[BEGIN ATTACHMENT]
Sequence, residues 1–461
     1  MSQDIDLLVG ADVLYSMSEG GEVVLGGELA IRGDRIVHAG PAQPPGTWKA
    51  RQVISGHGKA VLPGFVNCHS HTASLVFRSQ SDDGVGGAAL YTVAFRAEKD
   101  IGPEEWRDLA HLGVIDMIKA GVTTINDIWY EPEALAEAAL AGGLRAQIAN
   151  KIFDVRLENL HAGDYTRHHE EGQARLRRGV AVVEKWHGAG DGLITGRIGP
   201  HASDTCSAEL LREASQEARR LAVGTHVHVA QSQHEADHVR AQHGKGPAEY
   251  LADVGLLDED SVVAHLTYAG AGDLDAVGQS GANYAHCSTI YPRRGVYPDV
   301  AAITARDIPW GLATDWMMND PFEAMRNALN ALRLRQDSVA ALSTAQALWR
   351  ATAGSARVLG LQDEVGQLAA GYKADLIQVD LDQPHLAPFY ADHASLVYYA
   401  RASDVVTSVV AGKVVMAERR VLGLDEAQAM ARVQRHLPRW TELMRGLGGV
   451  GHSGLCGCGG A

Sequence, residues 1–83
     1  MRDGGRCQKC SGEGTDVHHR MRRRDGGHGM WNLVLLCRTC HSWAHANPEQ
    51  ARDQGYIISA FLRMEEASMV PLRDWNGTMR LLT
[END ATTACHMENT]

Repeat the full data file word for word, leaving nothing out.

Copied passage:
Sequence, residues 1–461
     1  MSQDIDLLVG ADVLYSMSEG GEVVLGGELA IRGDRIVHAG PAQPPGTWKA
    51  RQVISGHGKA VLPGFVNCHS HTASLVFRSQ SDDGVGGAAL YTVAFRAEKD
   101  IGPEEWRDLA HLGVIDMIKA GVTTINDIWY EPEALAEAAL AGGLRAQIAN
   151  KIFDVRLENL HAGDYTRHHE EGQARLRRGV AVVEKWHGAG DGLITGRIGP
   201  HASDTCSAEL LREASQEARR LAVGTHVHVA QSQHEADHVR AQHGKGPAEY
   251  LADVGLLDED SVVAHLTYAG AGDLDAVGQS GANYAHCSTI YPRRGVYPDV
   301  AAITARDIPW GLATDWMMND PFEAMRNALN ALRLRQDSVA ALSTAQALWR
   351  ATAGSARVLG LQDEVGQLAA GYKADLIQVD LDQPHLAPFY ADHASLVYYA
   401  RASDVVTSVV AGKVVMAERR VLGLDEAQAM ARVQRHLPRW TELMRGLGGV
   451  GHSGLCGCGG A

Sequence, residues 1–83
     1  MRDGGRCQKC SGEGTDVHHR MRRRDGGHGM WNLVLLCRTC HSWAHANPEQ
    51  ARDQGYIISA FLRMEEASMV PLRDWNGTMR LLT